OODA-PISRR, Part III: Formless Fast Transients

This is your waveform


This is your waveform on fast transients


Any questions?

begins his epic briefing, , describing the need for fast transients:

In other words, suggests a fighter that can pick and choose engagement opportunities—yet has fast transient (“buttonhook”) characteristics that can be used to either force an overshoot by an attacker or stay inside a hard turning defender.

Yet while mere fast cycling is important.

Idea of fast transients suggests that, in order to win, we should operate at a faster tempo or rhythm than our adversaries—

A better strategy is to aim for getting inside the enemy’s head

or, better yet, get inside adversary’s observation-orientation-decision-action time cycle or loop.

The purpose is to hide the form of the fighter, creating a confusing, menacing, ambiguous, unpredictable disorder

Why? Such activity will make us appear ambiguous (unpredictable) thereby generate confusion and disorder among our adversaries—since our adversaries will be unable to generate mental images or pictures that agree with the menacing as well as faster transient rhythm or patterns they are competing against.

This is not simple optimization for speed. If a fighter wanted to optimize for speed, he would merely practice his routines so he could act without thinking (bypassing decision in the OODA loop) and rope-a-dope when attacked (so one can bypass subversion in the PISRR loop). His cognition loop would then be:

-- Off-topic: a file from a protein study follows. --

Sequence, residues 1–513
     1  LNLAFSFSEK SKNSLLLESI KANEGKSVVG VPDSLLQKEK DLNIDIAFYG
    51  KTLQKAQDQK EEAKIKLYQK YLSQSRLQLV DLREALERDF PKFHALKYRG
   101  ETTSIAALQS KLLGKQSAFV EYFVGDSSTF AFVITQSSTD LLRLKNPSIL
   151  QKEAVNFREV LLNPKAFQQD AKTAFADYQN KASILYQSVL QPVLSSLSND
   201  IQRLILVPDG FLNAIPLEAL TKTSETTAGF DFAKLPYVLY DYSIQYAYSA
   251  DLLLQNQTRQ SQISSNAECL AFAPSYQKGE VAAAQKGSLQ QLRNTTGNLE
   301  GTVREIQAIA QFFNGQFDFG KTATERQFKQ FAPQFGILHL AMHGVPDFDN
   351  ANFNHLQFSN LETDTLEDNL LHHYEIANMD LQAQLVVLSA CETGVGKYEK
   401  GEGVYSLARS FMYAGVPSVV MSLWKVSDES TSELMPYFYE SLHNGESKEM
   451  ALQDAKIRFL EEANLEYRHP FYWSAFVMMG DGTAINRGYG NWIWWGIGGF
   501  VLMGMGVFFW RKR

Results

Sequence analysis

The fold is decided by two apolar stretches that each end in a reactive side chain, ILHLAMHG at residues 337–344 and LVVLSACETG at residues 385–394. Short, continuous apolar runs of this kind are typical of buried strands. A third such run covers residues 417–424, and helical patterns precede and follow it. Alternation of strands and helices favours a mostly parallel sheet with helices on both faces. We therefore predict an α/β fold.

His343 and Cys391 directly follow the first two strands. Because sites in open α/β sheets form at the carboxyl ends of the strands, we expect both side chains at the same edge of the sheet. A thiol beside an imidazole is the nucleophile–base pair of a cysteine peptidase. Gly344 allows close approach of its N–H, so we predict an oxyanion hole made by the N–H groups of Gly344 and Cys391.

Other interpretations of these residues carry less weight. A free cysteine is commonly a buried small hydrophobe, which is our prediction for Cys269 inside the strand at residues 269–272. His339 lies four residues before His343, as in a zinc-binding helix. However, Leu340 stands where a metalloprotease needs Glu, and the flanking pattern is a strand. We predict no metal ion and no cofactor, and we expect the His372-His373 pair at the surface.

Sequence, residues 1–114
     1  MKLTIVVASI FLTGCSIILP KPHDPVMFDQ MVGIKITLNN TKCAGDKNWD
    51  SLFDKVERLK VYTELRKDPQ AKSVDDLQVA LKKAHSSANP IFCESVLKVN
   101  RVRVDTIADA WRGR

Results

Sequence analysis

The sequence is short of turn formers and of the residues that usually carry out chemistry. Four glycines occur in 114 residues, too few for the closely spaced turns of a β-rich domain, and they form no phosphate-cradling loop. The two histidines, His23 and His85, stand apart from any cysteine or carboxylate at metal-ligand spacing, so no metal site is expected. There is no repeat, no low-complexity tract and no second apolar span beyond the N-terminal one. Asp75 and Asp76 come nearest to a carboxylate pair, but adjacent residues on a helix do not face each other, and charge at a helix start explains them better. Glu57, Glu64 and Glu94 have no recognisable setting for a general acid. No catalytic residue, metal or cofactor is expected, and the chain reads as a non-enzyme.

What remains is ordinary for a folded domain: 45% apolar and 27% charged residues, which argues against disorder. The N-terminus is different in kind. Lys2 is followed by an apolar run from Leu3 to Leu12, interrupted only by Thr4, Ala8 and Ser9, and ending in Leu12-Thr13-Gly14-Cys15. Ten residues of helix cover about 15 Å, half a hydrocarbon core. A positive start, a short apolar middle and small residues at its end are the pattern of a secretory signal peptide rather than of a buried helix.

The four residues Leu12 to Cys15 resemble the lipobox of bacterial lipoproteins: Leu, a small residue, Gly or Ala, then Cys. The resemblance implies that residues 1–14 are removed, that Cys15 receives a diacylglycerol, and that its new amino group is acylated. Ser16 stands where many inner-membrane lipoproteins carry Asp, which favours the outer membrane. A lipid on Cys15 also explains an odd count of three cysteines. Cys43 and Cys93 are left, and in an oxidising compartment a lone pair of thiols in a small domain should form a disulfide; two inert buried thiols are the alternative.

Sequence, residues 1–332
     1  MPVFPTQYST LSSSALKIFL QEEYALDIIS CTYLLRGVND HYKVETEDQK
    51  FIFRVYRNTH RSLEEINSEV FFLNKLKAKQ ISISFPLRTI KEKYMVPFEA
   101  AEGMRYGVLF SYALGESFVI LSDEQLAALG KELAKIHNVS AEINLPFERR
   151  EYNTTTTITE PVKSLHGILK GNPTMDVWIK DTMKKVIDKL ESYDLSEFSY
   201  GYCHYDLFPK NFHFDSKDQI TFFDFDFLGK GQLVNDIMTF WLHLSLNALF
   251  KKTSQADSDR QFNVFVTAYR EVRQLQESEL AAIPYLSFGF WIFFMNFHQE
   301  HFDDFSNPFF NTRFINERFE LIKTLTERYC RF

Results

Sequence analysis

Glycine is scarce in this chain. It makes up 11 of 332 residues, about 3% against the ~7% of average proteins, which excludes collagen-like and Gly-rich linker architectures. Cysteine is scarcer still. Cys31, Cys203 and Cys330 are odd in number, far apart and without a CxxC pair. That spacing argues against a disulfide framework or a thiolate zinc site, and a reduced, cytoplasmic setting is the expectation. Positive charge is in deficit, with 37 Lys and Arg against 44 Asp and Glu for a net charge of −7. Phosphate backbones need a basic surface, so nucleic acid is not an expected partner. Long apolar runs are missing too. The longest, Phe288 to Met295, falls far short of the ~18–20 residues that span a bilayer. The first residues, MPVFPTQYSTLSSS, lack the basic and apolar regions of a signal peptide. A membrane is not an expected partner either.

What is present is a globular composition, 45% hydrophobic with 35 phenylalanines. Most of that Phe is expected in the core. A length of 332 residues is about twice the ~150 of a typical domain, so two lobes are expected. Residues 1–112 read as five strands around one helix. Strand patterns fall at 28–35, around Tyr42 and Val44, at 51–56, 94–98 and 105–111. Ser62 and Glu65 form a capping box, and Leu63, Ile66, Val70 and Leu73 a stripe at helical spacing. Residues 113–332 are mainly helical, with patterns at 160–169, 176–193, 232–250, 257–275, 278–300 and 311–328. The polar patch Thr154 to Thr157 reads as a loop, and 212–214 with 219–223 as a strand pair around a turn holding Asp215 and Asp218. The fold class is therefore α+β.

The Fast Fighting Machine: Non-Deciding, Non-Developing

Rather, this is optimizing for formlessness.

The OODA-PISRR cycle, the Social Cognition Loop, was previously displayed as a circuit:


It could also be shown to be a wave with a unique form

Vertical Axis is kinetic Energy, Horizontal Axis is Time

All merely going faster would be do is decrease the cycle-time of the waveform. It would definitely be menacing to face an enemy going fast. But not confusing, ambiguous, or unpredictable.


Fast transients rely on appropriate use of Decision and Subversion to get inside the enemy’s cognition loop and make your waveform disappear.

As John Boyd said in Patterns of Conflict, describing the Mongol Horde:

By exploiting superior leadership, intelligence, communications, and mobility as well as by playing upon adversary’s fears and doubts via propaganda and terror, Mongols operated inside adversary observation-orientation-decision-action loops.

In a similar way, by exploiting decision and subversion, the winner operates into the enemy’s cognition loop.

As Chet Richards quoted Sun Tzu in Riding the Tiger (previously featured on tdaxp):

Be extremely mysterious, even to the point of soundlessness;
Be extremely subtle, even to the point of formlessness;
Thereby you can be the director of the opponent’s fate.

Victory with OODA is not just going fast, its using decision and subversion to deprive the enemy of the patterns needed to detect you. By acting in ways that are incoherent to one’s enemy’s, one’s waveform becomes confusing, menacing, ambiguous and unpredictable

One reaction is to create what Boyd called “many non-cooperative centers of gravity” in the enemy, making his waveform disappear too. But while the winner’s waveform is merely apparently chaotic, the enemy’s waveform is chaotic.

Next, the enemy ceases cycling, paralyzing him in one cognitive state. Visually


Of course, not all transients are fast. Until they are.

OODA-PISRR, a tdaxp series in four parts
1. The Social Cognition Loop
2. The PISRR Cognition Loop
3. Formless Fast Transients
4. System Perturbations